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February 5, 2010

today, looking back at yesterday

by Andrea O'Connell

Today I went to see a Norman Rockwell exhibit at the Fort Lauderdale (Florida) Museum of Art.  It was a terrific show…. I found myself laughing with joy at his whimsical images, and choked by tears at some others.  And each piece transported me back to a moment in my past, like stops on a rail car in a smoky but timeless (or time-free / care-free) dream.

It was both lovely and eerie to revisit the history of America from Rockwell’s point of view. I also saw the history of who I was, who I grew up to be.

Like so many people, I was enamored by Rockwell.  And today, at the exhibit, I found myself taking a walk down my past; down a road of my past where the Rockwell paintings were like road signs that both warned and informed, communicated and lectured, cajoled and harangued – mirroring moments of time that I had not thought of for a long while.  My high school prom, and first love; segregation where I grew up and my awareness of racial inequality, religion, softball games, dancing, theatre, and also, how awkward it was to grow up as a skinny tomboy.

The exhibit triggered all kinds of memories.  Some softly colored and nicely jeweled, some jagged turns – all of the good and weird and wild times.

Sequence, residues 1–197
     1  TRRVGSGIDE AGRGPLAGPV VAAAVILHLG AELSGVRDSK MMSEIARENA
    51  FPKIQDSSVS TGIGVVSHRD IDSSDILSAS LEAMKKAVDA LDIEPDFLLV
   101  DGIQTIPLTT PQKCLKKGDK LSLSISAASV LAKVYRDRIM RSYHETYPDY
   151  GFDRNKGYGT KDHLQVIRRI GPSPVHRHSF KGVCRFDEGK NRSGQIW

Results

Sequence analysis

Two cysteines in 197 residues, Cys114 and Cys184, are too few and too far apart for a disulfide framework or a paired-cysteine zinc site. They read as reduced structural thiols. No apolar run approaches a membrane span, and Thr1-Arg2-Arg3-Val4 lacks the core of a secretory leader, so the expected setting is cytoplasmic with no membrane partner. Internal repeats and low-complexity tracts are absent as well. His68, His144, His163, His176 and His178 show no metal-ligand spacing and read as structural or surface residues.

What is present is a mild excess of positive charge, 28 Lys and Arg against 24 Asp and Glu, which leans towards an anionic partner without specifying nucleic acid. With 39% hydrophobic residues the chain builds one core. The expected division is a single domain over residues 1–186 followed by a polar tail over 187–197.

Seeing Rockwell’s “Freedom of Religion” piece (the one with the many varied faces praying together but separately), reminded me of my inability to find religion -an inability to swallow it, whole.  Even from a young age, i viewed religion as an escape.  I still feel that way, though I respect and appreciate all religions, not one of them (and I have tried on many) fits my frame; so I don’t worry about it any more.

And then there’s the incredible Rockwell piece “Murder in Mississippi” – his famous depiction of the murder of three young men in Mississippi – Michael Schwerner, Andrew Goodman, and James Chaney. The museum dedicated three walls to illustrate Rockwell’s process to create this gut wrenching masterpiece.

Rockwell worked exclusively on this piece for over five weeks (he generally worked on a quite a few projects at a time), and it consumed him with such fervor that he went so far as to study how blood spills out as a result of fatal or near-fatal injuries.  He was able to even get his hands on real human blood to create and depict the scene of these three young men being murdered.

I have many favorites from the Rockwell cornucopia, but there is one that is my special favorite. The “Golden Rule” (Do unto others as you would have them do unto you).

I haven’t seen this image in years, but I remembered how deeply it resonated with me then.  For years I have tried to make this Golden Rule my mantra.  I still try because I get it now… I get the Golden Rule.

Thank you Norman Rockwell for bringing me such joy again today

“Golden Rule”

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